Locke’s Two Treatises of Government



This is a course on John Locke’s Two Treatises of Government, published anonymously following the Glorious Revolution in 1689. The theory of legitimacy the Second Treatise contains is similar enough to the principles upon which the United States was founded that Louis Hartz could claim in 1955 that America simply was a Lockean nation; it is different enough that contemporary thinkers such as Robert Nozick and A. John Simmons retell essentially Lockean stories in order to shear away what they find inconvenient or disquieting. Locke justifies something very much, but not quite, like the American regime.

Locke’s impact on the history of ideas is easy to trace. His Essay on Human Understanding provided the standard view of human psychology until the twentieth century; its assertion that our minds are tabulae rasae was essential to near-infinite malleability of human “nature” that lies at the root of historicism. Some Thoughts Concerning Education became the Bible of English pedagogy. Epistola de Tolerantia represents the first call for the separation of church and state in which many pious Christians did not immediately detect the aroma of atheism. The theological reforms attempted in The Reasonableness of Christianity have met with an astounding success. The Two Treatises was immediately plagiarized and epitomized in a variety of tracts to form the basis of the emerging Whig ideology.

It is against Locke that much modern thought is directed, either directly or implicitly. Contemporary cognitive science takes aim at Locke’s view of human nature, or the view of human nature that came to be associated with him; witness Steven Pinker’s The Blank Slate, among others. Socialists and social democrats assail his arguments for a natural property right. The reaction against the bourgeois is essentially a revulsion at the sort of life Locke would have human beings lead; the more radical assaults on Kant and Hegel—the beneficiaries of that anti-Locke animus—derive from an intuition that their systems are not sufficiently divorced from Locke’s longing for material well-being at the expense of spiritual fulfillment. The return to ancient philosophy or the sense that we suffer in a postmodern predicament arises from the unsatisfactory character of Lockean political philosophy and from the even more unsatisfactory character of attempts to correct it.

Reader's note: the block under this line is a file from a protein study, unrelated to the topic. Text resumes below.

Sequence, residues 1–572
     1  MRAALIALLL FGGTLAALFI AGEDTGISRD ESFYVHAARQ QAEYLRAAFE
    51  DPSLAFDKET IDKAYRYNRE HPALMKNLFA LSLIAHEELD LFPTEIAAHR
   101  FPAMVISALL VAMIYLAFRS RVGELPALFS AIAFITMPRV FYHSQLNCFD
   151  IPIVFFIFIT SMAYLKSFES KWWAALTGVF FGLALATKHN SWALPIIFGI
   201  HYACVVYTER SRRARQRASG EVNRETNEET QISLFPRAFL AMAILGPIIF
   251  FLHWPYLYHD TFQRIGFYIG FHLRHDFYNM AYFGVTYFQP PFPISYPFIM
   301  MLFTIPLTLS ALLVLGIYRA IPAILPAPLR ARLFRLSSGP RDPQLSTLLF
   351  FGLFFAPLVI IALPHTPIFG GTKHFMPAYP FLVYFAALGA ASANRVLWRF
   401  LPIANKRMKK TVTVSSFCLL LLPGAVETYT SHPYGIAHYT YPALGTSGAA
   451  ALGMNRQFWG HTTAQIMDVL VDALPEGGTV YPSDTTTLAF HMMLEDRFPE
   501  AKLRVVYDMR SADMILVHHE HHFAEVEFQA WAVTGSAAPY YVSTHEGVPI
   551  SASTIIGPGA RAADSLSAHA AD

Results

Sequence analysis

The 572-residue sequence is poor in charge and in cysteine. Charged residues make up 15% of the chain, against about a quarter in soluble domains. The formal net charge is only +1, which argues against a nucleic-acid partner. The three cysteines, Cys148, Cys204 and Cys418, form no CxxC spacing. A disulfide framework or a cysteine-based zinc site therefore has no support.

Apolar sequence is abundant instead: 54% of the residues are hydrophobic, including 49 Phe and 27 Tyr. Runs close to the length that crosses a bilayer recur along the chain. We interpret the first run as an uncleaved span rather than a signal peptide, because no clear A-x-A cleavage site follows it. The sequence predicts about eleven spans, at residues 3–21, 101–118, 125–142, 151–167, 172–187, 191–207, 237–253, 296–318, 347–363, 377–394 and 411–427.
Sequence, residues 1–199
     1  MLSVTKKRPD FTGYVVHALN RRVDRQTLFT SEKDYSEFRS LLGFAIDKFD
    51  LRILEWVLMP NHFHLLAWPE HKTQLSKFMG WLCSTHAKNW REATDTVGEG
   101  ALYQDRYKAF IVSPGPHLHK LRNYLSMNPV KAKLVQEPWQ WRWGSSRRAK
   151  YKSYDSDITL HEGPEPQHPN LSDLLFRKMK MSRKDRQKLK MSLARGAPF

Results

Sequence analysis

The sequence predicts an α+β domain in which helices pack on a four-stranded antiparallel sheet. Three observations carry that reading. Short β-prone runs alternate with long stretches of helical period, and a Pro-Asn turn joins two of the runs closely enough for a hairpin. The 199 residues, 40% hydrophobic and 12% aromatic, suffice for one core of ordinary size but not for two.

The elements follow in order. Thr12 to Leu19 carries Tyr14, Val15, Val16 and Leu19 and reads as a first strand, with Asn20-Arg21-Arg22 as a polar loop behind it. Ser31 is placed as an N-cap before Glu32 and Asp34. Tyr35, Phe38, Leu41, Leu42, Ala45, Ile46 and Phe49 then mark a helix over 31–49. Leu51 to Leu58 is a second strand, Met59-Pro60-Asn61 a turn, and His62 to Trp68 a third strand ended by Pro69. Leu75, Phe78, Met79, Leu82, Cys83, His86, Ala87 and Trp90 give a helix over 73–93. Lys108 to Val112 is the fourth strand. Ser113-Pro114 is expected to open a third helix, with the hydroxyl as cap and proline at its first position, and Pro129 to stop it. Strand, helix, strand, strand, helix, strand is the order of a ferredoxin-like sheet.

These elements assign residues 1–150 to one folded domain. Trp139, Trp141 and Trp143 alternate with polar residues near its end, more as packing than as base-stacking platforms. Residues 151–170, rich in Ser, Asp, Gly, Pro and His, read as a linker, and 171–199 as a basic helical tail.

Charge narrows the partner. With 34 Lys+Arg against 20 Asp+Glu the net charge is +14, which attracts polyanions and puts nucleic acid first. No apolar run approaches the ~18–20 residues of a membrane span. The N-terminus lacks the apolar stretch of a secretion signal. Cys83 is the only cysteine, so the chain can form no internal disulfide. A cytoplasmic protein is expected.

In order to better facilitate class discussion, I will post my lecture notes online after I have given them. You are thereby encouraged to ask questions, rather than practice your shorthand. Submit all written work via Blackboard.



10%    Weekly Papers, no more than 300 words in length, due by the beginning of each class on topics assigned. There will be no paper due in weeks where you hand in an essay. The lowest paper will be dropped (i.e., ten papers, nine of which count).

10%    Attendance and Participation.

15%    Class Presentation. Beginning September 24, each class will begin with a student presentation that introduces us to the most important aspects of the sections we have read for that week. Students should be prepared to speak for half an hour and to be interrupted with questions from other students. Once the discussion is satisfactorily concluded, class will continue as normal.

20%    First Essay, due October 2 by 5:00pm. Essays should not exceed 3500 words.

35%    Second Essay, due November 6 by 5:00pm. Essays should not exceed 4500 words.

10%    Take-home Final Exam, distributed via Blackboard 48 hours before the exam date/time.


Required Readings

  • John Locke. Two Treatises of Government. Ed. Peter Laslett. New York: Cambridge University Press, 1988 [1960].
  • Thomas Pangle. The Spirit of Modern Republicanism. Chicago: University of Chicago Press, 1988.
  • Leo Strauss. Natural Right and History. Chicago: University of Chicago Press, 1953.
  • Michael Zuckert. Natural Rights and the New Republicanism. Princeton, NJ: Princeton University Press, 1994.

Recommended Readings

  • Ross Corbett. The Lockean Commonwealth. Albany: State University of New York Press, 2009.
  • Robert Goldwin. “John Locke.” In History of Political Philosophy, edited by Leo Strauss and Joseph Cropsey, 476–512. Third Edition. Chicago: University of Chicago Press, 1987.
  • Peter Josephson. The Great Art of Government. Lawrence: University Press of Kansas, 2002.
  • Leo Strauss. “Locke’s Doctrine of Natural Law.” In What is Political Philosophy?, 197–220. Chicago: University of Chicago Press, 1988. First published by the Free Press, 1959.
  • Michael Zuckert. Launching Liberalism. Lawrence: University of Kansas Press, 2002.

Literature Often Cited

  • Richard Ashcraft. Revolutionary Politics and Locke’s “Two Treatises of Government.” Princeton, NJ: Princeton University Press, 1986.
  • Richard Ashcraft. Locke’s “Two Treatises of Government.” London: Allen & Unwin, 1987.
  • Patrick Coby. “The Law of Nature in Locke’s Second Treatise.” Review of Politics 49, no. 1 (Winter 1987): 3–28.
  • Richard Cox. Locke on War and Peace. Oxford: Clarendon Pres, 1960.
  • John Dunn. The Political Thought of John Locke. Cambridge: Cambridge University Press, 1969.